Tag Archives: photography

Chittagong, My Love

Published in The Independent in May 2010

As the award winning German photographer Norbert Enker smoked his last cigarette in Chittagong before returning to Dhaka, he suddenly found tears welling up in his eyes.  “I don’t know what happened to me… I was crying like a child,” he said from the stage of the Goethe Institute last Thursday.  Perhaps it was appropriate then, that Norbert returned to Chittagong a year later to conduct a workshop with 18 local photographers called “Chittagong, My Love.”

Norbert presented a digital photography exhibition before a discussion about Chittagong’s past, present and future was held.  During the slideshow, Norbert explained that he and the photographers first brainstormed around 20 topics, later refining them, and then the photographers spent one day at the ship-breaking yards and three around the city.  He said, “It was very difficult to create a ‘portrait’ of Chittagong – this is just an attempt.  But we felt that the presence of water in the photographs was important, because Chittagong is the main port and many people earn their livelihoods from the sea.”  Norbert also said that the group initially encountered some resistance from the owners of the ship-breaking yards, who feared they had arrived to close down the operations.  Of the industry that employs around 10,000 people, Norbert said, “In Germany we throw so many things away. But here, everything is repaired and re-coloured. If it’s working, why throw it away?”

Norbert and the group also photographed a wedding in Chittagong, so the exhibition included striking black and white portraits of a young bride.  Norbert said, “It was very interesting for me to go to a wedding.  There were so many guests and the kitchen was set up like a small factory.”  Other photographs portrayed life in the slums and bazars, fishermen and dump yards, as well as the sprawling green trees that once grew in abundance in Chittagong.  Local photographer Farzana Hossen Mipu also attended the programme and spoke of how much she enjoyed the workshop.  She said, “I never thought that I would become a photographer.  Now I take it very seriously and inshallah I will become a good one.” In response, Norbert said, “Being a photographer means lots of work and it’s quite exhausting.  But Farzana is on her way – she took good pictures and she’s very talented.”

Chittagong resident Neo Mendes, the chairman and managing director of Enem-Omni Group, reminisced about spending his youth in a city that he is still deeply attached to.  He spoke about passing Sunday afternoon with his friends watching English films at the cinema and afterwards sharing a plate of chowmein at the local Chinese restaurant for 80 paisas.  He described the excitement of Buddhist full moon festivals and the fire balloons that accompanied them, and attending dances at the Chittagong Club and Catholic Club.  Neo was also a founding member of Bangladesh’s first ever rock band, The Lightenings.  Neo was trained as a pianist but became a drummer, and the band played Beatles songs at school concerts and won a competition.  Neo said, “Today, many prominent Bangladeshi bands are from Chittagong and I am happy to have been a part of that.”  Neo described the thrill of seeing special visitors arrive in Chittagong, such as famous test cricketers, wrestling champions from Pakistan, the US and Europe and the Queen of England.  Neo also described the peacefulness of his street, which was located at the bottom of the hill that led to the Commissioner’s residence.  “It was the best place in town,” he grinned, “The wide asphalt streets were lined by large green trees.”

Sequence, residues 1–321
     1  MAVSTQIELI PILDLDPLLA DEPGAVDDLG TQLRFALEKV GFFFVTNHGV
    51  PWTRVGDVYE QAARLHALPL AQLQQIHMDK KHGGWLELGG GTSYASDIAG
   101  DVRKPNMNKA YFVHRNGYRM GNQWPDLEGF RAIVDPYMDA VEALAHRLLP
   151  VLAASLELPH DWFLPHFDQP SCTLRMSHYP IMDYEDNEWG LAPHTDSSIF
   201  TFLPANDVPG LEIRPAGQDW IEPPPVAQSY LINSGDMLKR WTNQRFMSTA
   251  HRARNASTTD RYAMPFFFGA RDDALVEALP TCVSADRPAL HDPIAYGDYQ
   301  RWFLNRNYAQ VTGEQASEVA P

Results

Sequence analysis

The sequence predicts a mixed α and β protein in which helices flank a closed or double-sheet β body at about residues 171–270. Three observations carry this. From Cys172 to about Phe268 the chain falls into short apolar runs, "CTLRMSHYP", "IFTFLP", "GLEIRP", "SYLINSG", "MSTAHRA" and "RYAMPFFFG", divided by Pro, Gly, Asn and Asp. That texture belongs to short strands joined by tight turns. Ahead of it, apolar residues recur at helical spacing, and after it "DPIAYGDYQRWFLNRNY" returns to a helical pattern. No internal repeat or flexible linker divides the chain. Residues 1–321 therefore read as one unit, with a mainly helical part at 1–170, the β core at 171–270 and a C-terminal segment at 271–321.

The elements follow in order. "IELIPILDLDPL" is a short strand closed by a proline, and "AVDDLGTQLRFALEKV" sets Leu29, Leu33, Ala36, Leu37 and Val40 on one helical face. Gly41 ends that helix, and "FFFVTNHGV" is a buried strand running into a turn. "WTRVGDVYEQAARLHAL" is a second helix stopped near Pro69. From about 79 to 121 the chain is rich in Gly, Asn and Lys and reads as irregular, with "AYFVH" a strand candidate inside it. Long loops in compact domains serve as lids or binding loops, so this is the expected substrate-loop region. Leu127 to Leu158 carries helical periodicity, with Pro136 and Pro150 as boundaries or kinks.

What became evident over the course of the evening is the speed at which Chittagong has changed over the decades.  Such anecdotal evidence supports confirmed statistics – Chittagong is currently ranked the tenth fastest growing city in the world.  Its main port is the primary route for almost all of Bangladesh’s import and exports, which generates a major portion of the country’s annual revenue, but there are some obvious drawbacks alongside the commercial success.  Neo said, “Over the years, the entire radius of the city has expanded.  But I do have great hopes for Chittagong’s future – it’s not like Dhaka, which is a behemoth, large and unwieldy.  Perhaps it will retain its character.”  Farzana expressed some anxiety about the direction her city is taking.  She said, “My Chittagong is very peaceful and I love it.  But the traffic is becoming harsh.

The government must help it. I would like to see it become beautiful and green again.”

After the discussion, members of the panel answered questions from the audience.  A young raised his hand and asked Norbert whether he cried upon leaving Chittagong a second time.  “I am sure I will come back, so there were no tears this time,” he said with a smile.

Chittagong, My Love, was organised in cooperation with Pathshala.


RAB and Drik Gallery get caught in crossfire

RAB personnel in Tongi

Published in The Independent, 29 May 2010